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345 Possible Causes for Facial Grimacing

  • Tourette Syndrome

    Some of the more common tics include: eye blinking and other vision irregularities, facial grimacing, shoulder shrugging, and head or shoulder jerking.[healthcare.utah.edu] Common tics include: Eye twitches Facial grimaces Throat clearing Sniffing Grunting Head or shoulder jerking Shoulder shrugging Words or phrases Deep brain stimulation surgery[neurosurgery.ucla.edu] ., rapid eye-blinking, facial grimacing, shoulder-shrugging) to complex (involving several muscle groups, such as hopping, bending, or twisting); and vocalizations , also[parentcenterhub.org]

  • Blepharospasm

    We report on two cases who presented with involuntary facial grimacing and frowning.[ncbi.nlm.nih.gov] When blepharospasm is part of Meige's syndrome, it is associated with facial grimacing.[eyewiki.aao.org] Secondary blepharospasm: Meige’s syndrome: Meige’s syndrome may be associated with facial grimacing due to facial dystonia.[aimu.us]

  • Meige Syndrome

    grimaces can settle and patients with Meige syndrome should keep hope for a better future.[infodystonia.com] Other symptoms related to the jaw can be: Facial grimacing Frowning Thrusting of the chin Displaced jaw Pain in the jaw Headaches Spasms can also occur in the tongue, throat[my.clevelandclinic.org] When blepharospasm is part of Meige's syndrome, it is associated with facial grimacing.[eyewiki.aao.org]

  • Huntington's Disease

    Typical features include a bizarre, puppet-like gait, facial grimacing, inability to intentionally move the eyes quickly without blinking or head thrusting (oculomotor apraxia[merckmanuals.com] grimaces.[patient.info] […] movements, including grimaces Head turning to shift eye position Quick, sudden, sometimes wild jerking movements of the arms, legs, face, and other body parts Slow, uncontrolled[medlineplus.gov]

  • Chorea Gravidarum

    grimaces.[encyclo.co.uk] The appearance of facial grimaces slurred speech and impaired coordination may accompany this movement disorder.[symptoma.com] […] chorea which presents with involuntary abnormal movement, characterized by abrupt, brief, nonrhythmic, nonrepetitive movement of any limb, often associated with nonpatterned facial[encyclo.co.uk]

  • Tics

    Some complex motor tics include: Facial grimacing Touching people or things Obscene gesturing or gyrating movements Like motor tics, vocal tics can be simple or complex.[cedars-sinai.edu] Motor tics can be of an endless variety and may include such movements as hand-clapping, neck stretching, mouth movements, head, arm or leg jerks, and facial grimacing.[sciencedaily.com]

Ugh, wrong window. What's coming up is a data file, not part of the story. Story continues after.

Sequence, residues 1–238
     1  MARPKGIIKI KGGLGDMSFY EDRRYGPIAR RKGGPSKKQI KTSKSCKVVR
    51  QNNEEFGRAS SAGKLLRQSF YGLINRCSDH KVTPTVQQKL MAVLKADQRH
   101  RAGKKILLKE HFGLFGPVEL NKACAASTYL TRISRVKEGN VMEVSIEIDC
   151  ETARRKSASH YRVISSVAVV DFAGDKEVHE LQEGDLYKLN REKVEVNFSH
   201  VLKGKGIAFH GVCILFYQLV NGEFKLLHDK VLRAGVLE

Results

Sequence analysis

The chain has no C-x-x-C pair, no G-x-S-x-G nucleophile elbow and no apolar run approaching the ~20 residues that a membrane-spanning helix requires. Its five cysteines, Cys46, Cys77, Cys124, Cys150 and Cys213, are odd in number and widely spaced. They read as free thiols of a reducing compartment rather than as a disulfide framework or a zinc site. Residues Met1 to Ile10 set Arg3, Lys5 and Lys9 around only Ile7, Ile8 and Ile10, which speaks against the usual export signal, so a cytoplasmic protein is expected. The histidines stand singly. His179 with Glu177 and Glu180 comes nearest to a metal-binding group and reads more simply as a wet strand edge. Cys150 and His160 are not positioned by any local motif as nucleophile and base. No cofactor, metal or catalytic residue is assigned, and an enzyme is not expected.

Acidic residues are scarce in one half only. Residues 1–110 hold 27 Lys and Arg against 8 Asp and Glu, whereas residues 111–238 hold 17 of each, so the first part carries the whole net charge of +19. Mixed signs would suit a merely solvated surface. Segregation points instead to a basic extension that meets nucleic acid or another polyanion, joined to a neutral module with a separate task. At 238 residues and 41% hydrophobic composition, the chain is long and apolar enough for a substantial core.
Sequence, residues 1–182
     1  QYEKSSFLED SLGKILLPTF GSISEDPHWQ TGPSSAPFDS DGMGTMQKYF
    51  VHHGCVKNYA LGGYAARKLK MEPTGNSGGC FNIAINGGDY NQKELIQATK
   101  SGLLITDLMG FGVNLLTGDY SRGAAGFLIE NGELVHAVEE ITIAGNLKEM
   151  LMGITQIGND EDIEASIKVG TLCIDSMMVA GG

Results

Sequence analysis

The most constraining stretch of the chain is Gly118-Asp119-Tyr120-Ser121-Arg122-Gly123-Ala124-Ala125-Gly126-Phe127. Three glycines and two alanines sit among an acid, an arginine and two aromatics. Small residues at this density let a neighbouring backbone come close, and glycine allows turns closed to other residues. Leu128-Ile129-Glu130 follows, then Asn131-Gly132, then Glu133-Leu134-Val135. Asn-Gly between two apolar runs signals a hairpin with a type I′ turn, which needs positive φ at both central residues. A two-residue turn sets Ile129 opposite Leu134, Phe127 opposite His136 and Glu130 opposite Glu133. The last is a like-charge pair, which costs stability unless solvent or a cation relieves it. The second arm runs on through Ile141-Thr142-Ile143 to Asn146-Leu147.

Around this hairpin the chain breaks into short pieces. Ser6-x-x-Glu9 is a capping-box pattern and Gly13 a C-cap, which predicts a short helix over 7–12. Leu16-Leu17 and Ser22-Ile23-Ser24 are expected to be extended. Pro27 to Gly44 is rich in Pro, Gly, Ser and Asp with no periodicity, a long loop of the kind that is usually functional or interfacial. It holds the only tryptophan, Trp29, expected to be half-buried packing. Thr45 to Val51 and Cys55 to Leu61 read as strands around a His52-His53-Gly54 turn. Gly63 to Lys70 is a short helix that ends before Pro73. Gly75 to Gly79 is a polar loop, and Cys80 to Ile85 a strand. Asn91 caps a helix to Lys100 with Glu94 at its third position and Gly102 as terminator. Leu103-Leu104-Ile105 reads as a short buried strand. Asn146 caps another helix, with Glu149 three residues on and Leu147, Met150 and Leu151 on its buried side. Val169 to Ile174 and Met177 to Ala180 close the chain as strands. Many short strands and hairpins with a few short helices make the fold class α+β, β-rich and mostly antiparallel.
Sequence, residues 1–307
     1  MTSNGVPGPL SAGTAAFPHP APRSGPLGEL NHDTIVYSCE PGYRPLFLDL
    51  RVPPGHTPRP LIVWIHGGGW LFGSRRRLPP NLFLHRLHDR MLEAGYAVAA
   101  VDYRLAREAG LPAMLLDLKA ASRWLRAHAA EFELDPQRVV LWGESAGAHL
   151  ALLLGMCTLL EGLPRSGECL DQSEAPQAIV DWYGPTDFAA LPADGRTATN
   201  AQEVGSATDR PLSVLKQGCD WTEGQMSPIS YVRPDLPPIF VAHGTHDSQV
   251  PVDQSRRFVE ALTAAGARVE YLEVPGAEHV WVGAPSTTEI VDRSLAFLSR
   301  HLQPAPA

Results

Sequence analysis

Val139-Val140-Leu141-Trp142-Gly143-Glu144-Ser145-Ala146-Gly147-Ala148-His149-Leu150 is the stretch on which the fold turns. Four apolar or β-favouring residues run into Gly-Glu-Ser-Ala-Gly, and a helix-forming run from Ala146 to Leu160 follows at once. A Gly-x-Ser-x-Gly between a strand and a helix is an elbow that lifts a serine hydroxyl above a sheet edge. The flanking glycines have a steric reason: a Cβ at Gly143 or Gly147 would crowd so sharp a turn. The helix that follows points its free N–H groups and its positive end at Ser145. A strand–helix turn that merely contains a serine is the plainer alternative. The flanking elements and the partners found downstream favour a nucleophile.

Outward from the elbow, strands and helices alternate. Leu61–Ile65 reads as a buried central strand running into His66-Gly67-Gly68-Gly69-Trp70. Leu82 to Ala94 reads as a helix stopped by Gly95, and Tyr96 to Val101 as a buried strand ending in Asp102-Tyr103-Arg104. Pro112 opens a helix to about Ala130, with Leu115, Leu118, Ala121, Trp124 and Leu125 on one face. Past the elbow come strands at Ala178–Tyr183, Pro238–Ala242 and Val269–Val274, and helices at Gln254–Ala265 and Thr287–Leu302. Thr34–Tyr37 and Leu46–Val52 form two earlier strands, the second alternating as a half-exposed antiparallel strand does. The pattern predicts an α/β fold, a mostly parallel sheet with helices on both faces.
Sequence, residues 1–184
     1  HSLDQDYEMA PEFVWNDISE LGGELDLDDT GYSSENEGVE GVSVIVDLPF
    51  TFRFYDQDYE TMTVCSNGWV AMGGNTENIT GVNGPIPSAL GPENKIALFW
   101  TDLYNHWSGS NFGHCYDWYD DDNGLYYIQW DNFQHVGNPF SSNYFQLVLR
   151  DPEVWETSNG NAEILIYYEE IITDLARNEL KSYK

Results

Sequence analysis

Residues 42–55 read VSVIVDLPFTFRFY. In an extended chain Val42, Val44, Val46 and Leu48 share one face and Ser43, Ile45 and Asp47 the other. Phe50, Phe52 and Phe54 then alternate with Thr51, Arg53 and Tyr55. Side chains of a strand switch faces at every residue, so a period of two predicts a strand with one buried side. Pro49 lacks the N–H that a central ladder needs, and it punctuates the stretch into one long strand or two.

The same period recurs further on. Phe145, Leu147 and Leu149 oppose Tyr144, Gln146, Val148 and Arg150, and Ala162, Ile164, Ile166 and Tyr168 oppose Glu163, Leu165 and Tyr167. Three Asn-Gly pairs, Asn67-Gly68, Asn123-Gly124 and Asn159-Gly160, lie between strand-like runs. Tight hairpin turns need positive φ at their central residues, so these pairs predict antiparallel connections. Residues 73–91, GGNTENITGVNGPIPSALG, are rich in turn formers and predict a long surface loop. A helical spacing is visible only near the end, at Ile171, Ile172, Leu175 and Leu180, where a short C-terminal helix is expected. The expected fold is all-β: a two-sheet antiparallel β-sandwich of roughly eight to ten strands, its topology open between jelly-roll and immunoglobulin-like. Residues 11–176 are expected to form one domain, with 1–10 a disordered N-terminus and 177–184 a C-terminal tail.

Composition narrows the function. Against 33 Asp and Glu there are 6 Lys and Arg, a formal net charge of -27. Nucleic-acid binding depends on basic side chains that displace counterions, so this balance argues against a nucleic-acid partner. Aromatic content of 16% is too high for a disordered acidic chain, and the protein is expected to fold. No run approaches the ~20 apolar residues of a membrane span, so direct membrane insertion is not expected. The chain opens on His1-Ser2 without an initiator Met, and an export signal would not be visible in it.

• Trigeminal Neuralgia

    The pain attacks may be severe enough to cause a facial grimace, which is classically referred to as a painful tic (tic douloureux).[wakehealth.edu] We know that the ‘tic’ or facial grimace is just a reaction to the pain. There is no forced contraction of the face with the pain.[drhoney.org] Trigeminal neuralgia is inflammation of the trigeminal nerve, causing intense facial pain .[medicinenet.com]

  • Orofacial Dyskinesia

    On day 4 of treatment, she experienced involuntary, rhythmic facial grimacing accompanied by periodic cervical muscular contractures.[ncbi.nlm.nih.gov] grimacing (commonly involving lower facial muscles) Finger movement (piano playing movements) Rocking or thrusting of the pelvis (duck-like gait) Jaw swinging Repetitive[medlineplus.gov] Facial grimacing. Repetitive tongue protrusion. Puckering, smacking and licking of the lips. Side-to-side motion of the jaw.[pocketdentistry.com]

  • Athetoid Cerebral Palsy

    grimaces and drooling Difficulty swallowing or eating, which can lead to poor nutrition Difficulty sitting straight or walking Difficulty holding onto objects or performing[oshmanlaw.com] grimaces, expressions, and drooling. [3] Speech and language disorders, known as dysarthria , are common in athetoid CP patients. [5] In addition, ADCP patients may have[en.wikipedia.org] […] movements grimacing heightened writing movements during times of emotional stress inability to stand still muscle tone fluctuations (alternating between significantly under[litigatorsinc.com]

  • Paroxysmal Non-Kinesigenic Dyskinesia

    There was no axial muscle involvement, nor any oromandibular dystonia or facial grimacing.[neurologyindia.com]

Further symptoms